2. A homoeopath who took Carbo Veg. 200c in a dry dose did not react. The remedy seemed to fit her case. She then was told to try it again but in a medicinal solution. The dose was one teaspoon. A few doses of the 200c succussed 5 times before each dose to slightly change the potency cure rapidly. This is another example of a solution curing where a dry dose failed. If dosage makes no difference wet or dry as Kent said why did this work?

3. A woman who took one dose of Cimicifuga LM 0/1 in a 4oz. solution for migraine headaches experienced a similar aggravation. After increasing the amount of water in the solution by making an 8oz solution there was no aggravation and she was able to repeat the remedy every three days for a month and her migraines never came back. She never experienced aggravation again. This is an example of adjusting the dose by using more water in the original solution. This made the remedy act more gently on her constitution and made it repeatable without aggravation.

4. A person suffering from sleep apnea was given Arsenicum Album LM 0/1 in a 6oz solution, succussed 3 times before ingestion, 1 teaspoon was taken and stirred into 6oz of water, 1 teaspoon was given as a dose. After taking the remedy there was an aggravation of some of the concomitant symptoms for three days, then a slight improvement for a short while, and a relapse. The remedy was given again, but 1 teaspoon was taken out of the first dilution glass, and placed in a second glass from which the client was given 1 teaspoon. The succussions were the same. This caused a radical improvement and removed the sleep apnea. There was no aggravation on the dose made in this manner. This is an example of diluting the remedy through two glasses of water and getting a striking response when the remedy out of the first glass caused an aggravation and then only a made a small improvement. Doesn't this show a difference in the size of the dose? According to modern Homoeopathy this would not make any change in the effect of the remedy.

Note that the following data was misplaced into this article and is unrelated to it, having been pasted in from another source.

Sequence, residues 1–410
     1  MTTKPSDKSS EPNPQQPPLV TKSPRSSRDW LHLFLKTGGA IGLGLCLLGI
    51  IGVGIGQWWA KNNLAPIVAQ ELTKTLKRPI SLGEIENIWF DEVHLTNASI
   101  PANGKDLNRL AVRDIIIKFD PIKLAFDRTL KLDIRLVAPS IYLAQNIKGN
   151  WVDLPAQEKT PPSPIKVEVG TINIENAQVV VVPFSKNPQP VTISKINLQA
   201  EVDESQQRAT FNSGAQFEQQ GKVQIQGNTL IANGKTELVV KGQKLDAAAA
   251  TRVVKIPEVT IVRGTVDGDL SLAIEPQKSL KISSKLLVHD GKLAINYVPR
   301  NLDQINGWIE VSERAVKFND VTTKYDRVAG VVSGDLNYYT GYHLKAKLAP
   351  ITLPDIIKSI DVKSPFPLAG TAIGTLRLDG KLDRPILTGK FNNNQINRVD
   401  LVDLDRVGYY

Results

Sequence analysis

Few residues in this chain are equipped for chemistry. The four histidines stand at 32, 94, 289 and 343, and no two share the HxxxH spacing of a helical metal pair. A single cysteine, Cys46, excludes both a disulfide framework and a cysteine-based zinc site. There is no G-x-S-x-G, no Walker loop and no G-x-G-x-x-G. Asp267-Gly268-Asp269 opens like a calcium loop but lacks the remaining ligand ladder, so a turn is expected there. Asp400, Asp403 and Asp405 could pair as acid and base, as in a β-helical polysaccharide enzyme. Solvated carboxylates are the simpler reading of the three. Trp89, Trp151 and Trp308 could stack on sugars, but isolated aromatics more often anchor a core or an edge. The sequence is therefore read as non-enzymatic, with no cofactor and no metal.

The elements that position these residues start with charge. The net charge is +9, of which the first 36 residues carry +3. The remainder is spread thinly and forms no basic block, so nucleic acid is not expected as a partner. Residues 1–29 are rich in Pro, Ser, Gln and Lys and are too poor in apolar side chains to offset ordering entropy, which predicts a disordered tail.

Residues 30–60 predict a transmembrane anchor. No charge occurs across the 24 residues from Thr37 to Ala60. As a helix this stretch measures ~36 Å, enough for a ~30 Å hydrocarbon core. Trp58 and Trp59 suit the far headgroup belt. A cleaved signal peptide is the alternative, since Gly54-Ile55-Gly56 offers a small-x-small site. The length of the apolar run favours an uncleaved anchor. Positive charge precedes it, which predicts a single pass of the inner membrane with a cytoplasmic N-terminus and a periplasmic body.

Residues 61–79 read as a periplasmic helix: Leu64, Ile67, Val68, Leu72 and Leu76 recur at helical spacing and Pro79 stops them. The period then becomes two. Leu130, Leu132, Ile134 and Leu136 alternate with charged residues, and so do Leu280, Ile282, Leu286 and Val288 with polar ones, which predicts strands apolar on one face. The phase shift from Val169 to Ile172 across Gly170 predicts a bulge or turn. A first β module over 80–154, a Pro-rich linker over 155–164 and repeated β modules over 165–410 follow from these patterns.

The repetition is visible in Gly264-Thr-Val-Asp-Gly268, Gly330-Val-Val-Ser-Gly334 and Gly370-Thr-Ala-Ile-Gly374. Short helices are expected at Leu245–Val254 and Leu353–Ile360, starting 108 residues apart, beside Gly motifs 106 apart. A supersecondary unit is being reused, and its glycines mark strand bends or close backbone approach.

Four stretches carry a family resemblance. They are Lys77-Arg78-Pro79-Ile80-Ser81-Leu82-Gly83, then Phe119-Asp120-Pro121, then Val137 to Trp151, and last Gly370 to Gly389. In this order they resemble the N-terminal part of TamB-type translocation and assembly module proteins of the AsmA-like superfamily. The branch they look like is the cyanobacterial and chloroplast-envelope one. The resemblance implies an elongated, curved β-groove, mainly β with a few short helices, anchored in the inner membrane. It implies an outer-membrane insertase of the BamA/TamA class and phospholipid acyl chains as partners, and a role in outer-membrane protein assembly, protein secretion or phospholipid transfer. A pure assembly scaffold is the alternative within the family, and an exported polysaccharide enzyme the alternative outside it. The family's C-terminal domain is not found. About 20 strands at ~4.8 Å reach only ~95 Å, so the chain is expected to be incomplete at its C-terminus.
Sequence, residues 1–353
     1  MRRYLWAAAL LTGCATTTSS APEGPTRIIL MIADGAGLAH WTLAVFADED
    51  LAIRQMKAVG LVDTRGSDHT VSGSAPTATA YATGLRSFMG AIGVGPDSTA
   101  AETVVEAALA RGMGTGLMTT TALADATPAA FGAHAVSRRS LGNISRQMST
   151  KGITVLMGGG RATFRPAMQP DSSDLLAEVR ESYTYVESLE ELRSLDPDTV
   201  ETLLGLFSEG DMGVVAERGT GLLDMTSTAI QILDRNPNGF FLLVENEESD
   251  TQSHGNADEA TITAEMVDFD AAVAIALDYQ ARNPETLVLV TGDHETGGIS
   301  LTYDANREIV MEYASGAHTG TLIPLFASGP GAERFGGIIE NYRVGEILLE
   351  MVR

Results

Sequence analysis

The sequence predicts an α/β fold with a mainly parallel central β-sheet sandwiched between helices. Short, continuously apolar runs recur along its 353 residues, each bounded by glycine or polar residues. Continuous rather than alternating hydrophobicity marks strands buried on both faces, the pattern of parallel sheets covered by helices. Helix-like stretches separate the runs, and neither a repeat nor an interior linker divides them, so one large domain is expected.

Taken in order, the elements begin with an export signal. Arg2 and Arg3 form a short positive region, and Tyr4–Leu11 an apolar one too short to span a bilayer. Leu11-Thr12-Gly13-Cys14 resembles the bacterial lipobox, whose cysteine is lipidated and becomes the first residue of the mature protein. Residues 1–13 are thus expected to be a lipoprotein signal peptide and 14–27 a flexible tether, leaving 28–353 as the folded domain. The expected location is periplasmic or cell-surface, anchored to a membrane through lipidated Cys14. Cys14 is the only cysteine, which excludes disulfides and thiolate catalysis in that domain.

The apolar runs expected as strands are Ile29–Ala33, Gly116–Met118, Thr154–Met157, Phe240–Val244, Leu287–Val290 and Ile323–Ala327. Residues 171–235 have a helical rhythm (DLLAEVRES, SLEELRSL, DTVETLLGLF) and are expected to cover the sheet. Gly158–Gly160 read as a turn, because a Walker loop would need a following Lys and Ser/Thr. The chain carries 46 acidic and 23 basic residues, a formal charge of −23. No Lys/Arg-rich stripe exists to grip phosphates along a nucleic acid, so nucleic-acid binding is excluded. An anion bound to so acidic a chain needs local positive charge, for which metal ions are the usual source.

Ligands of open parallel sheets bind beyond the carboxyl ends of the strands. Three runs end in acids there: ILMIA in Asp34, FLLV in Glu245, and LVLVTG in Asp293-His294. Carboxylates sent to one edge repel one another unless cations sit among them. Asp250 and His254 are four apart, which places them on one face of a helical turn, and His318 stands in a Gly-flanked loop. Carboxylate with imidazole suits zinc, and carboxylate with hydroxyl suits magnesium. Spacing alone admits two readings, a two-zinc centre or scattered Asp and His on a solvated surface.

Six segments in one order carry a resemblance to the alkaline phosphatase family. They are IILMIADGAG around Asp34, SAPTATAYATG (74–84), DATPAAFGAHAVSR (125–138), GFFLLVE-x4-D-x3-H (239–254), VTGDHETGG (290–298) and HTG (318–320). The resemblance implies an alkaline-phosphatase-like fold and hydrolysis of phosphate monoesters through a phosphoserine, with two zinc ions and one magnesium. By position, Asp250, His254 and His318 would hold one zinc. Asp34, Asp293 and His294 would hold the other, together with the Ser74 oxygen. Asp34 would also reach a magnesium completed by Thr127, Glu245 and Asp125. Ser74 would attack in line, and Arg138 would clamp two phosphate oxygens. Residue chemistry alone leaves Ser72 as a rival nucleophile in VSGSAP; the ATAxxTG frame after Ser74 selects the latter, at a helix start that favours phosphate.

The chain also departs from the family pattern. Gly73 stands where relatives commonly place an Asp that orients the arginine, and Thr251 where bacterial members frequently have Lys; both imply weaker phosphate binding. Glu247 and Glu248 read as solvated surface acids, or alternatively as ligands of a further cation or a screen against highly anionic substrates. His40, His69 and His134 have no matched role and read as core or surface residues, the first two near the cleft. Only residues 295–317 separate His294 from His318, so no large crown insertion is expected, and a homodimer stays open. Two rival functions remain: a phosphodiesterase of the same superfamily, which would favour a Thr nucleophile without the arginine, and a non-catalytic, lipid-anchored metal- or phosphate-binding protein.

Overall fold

5. A patient was given a remedy in a medicinal solution which was succussed 5 times before ingestion. He responded well to the first dose, but when he was told to take a second dose, he forgot to succuss the bottle and the remedy did not act. After the situation was discussed he was reminded to succuss the remedy before taking it again and it worked just as well as the first time. This is an example of taking the same unsuccussed, unmodified remedy twice in succession and having no affect at all. When the remedy was "potentized anew" as Hahnemann suggested in paragraph 248 it acted very deeply. This demonstrates the important of succussion and changing the potency of each dose. This is a related subject but does not really deal with changing the amount of the dose.

Hahnemann mentioned in Organon that there are special conditions when the size of a dose must be increased to overcome a disease. The first example he gives is when there are the primary eruptions of the chronic miasms are on the skin. Here are some example of this method.